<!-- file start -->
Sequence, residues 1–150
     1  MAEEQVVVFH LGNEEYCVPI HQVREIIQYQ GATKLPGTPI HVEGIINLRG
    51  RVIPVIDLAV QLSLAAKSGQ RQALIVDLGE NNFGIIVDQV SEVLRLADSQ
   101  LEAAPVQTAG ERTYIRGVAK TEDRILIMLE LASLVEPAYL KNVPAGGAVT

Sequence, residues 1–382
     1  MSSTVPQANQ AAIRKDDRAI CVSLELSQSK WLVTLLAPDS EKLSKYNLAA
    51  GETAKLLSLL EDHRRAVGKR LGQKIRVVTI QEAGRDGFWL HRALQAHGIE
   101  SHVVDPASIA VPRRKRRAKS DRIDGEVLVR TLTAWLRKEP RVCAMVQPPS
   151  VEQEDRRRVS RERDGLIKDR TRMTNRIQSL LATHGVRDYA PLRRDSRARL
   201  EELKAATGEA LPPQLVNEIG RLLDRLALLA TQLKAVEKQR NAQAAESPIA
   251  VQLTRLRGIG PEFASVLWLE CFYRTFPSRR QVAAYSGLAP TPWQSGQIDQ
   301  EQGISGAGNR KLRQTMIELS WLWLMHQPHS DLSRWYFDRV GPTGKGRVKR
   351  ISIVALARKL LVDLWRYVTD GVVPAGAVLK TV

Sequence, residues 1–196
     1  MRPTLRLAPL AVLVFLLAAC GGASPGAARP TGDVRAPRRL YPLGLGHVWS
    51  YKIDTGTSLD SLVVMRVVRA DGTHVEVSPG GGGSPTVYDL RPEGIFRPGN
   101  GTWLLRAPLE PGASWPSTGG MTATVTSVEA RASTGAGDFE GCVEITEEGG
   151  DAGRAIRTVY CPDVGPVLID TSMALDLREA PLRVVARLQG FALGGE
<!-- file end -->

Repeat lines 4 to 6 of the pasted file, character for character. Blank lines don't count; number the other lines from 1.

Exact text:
   101  LEAAPVQTAG ERTYIRGVAK TEDRILIMLE LASLVEPAYL KNVPAGGAVT

Sequence, residues 1–382
     1  MSSTVPQANQ AAIRKDDRAI CVSLELSQSK WLVTLLAPDS EKLSKYNLAA